A Miami In Focus
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Turtle Pond: C79
Alive in the summer months with dragonflies and damselflies that dance and hover over the surface of the water is Turtle Pond.
Located on the southern edge of the Great Lawn and directly to the north below the grand panorama from Belvedere Castle at Vista Rock lays this enchanting Central Park habitat.
Though Turtle Pond seems as much a thought out habitat as others in the Park's original design, it wasn't. Inhabiting the space it now occupies along with the Great Lawn was the Croton Reservoir, which was filled in by the Parks Department in the 1930s with the south side adjacent to Belvedere Castle becoming Belvedere Lake. Over the years this more or less undefined environment evolved with the appearance of turtles, fish, dragonflies and other forms of aquatic life. In 1987 it was renamed Turtle Pond.
The original designers,Olmsted and Vaux would have been very pleased with the result. It now conforms completely to their ideal that brings people together with plants and wildlife so they can experience and enjoy nature free of the urban pressure, which enjoin their urban existence.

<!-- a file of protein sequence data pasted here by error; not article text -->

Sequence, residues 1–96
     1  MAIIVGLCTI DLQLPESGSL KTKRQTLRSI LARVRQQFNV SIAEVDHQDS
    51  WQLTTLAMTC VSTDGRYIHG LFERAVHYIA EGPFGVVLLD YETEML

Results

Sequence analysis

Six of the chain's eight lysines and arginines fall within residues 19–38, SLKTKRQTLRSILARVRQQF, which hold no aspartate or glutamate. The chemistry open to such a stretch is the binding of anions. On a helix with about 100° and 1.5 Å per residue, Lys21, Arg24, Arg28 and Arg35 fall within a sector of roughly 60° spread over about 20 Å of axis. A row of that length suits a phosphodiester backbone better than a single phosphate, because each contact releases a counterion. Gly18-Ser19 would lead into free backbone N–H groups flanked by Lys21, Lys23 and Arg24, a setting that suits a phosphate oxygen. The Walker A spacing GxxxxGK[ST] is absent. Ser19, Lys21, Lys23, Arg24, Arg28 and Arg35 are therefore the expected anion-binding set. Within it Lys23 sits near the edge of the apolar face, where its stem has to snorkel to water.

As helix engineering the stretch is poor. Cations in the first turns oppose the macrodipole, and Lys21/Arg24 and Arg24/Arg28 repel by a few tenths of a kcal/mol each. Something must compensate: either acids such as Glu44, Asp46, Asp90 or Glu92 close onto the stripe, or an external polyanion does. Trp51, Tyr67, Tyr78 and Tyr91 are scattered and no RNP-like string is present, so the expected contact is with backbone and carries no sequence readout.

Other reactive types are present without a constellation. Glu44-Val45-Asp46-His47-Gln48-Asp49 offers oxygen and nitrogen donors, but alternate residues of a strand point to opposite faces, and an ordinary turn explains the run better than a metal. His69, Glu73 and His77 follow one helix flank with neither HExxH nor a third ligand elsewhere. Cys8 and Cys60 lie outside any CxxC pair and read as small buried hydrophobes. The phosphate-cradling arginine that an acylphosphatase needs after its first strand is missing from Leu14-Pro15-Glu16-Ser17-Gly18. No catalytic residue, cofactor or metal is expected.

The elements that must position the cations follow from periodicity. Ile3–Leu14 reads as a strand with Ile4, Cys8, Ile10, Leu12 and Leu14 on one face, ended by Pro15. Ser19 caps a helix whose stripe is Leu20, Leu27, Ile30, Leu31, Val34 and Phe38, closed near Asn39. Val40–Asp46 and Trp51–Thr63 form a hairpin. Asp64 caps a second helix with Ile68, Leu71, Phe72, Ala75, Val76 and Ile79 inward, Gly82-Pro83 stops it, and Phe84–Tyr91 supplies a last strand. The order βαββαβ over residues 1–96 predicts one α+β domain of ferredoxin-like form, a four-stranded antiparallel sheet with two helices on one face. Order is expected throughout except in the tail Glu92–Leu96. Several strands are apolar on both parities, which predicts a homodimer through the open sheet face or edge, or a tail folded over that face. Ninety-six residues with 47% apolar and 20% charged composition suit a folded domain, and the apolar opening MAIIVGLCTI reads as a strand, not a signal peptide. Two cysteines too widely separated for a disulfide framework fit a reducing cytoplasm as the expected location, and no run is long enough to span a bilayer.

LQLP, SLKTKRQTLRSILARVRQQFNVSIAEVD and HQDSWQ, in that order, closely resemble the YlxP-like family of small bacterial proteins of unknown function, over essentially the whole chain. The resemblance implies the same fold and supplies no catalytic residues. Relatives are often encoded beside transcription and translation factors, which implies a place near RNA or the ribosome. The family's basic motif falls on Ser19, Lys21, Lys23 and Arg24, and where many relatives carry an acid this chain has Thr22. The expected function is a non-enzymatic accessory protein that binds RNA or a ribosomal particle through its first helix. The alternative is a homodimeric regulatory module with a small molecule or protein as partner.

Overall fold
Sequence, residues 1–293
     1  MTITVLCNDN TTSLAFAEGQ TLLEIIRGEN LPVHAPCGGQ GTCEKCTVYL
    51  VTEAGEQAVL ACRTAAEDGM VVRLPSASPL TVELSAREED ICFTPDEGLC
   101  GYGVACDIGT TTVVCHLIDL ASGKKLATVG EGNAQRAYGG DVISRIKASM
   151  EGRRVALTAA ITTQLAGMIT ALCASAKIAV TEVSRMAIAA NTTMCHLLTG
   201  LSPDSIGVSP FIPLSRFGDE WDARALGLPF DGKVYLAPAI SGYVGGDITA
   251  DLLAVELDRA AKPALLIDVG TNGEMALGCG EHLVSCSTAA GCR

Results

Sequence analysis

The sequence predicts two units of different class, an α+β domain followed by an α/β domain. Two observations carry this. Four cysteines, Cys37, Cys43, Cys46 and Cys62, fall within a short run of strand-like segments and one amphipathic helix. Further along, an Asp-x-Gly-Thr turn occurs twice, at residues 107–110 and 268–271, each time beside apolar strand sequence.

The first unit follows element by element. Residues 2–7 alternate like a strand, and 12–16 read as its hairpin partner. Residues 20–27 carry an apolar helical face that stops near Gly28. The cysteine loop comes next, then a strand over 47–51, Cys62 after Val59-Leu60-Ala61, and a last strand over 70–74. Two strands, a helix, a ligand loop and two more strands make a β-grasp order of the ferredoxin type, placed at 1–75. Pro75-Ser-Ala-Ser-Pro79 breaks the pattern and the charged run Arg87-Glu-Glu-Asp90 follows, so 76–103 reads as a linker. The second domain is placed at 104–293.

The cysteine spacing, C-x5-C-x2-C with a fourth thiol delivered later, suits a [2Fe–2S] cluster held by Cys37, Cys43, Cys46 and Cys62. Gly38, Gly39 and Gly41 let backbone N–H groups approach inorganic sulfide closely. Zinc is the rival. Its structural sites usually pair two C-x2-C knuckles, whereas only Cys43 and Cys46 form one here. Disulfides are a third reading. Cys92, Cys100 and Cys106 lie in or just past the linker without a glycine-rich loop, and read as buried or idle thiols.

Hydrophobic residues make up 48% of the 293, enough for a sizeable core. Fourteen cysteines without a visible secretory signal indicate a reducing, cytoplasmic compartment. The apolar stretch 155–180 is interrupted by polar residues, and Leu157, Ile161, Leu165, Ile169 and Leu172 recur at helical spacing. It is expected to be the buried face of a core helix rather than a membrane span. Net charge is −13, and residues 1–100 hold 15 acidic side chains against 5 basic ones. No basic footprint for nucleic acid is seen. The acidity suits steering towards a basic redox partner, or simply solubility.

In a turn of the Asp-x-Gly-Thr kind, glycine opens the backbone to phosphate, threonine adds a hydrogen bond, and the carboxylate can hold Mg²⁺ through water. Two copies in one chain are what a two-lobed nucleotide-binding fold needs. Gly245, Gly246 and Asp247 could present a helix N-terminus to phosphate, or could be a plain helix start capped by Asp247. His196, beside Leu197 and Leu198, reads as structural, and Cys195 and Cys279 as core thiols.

Turtle Island, located on the western shoreline of Turtle Pond, is a mini habitat with the appropriate plant life and space for turtle breeding and bird nesting.
Lining the shore are aquatic plants including Bulrush, Lizard's Tail, Cattail, Pickerelweed and Turtlehead.
A jetty extends into Turtle Pond from the northwestern bank, which gives visitors a closer view of the island habitat as well as the eastern expanse of the Pond. It is also a perfect vista from which to spot Belvedere Castle and Vista Rock towering above to the south.
In the spring daffodils and irises bloom on the shoreline and in the summer visitors will also find coneflowers.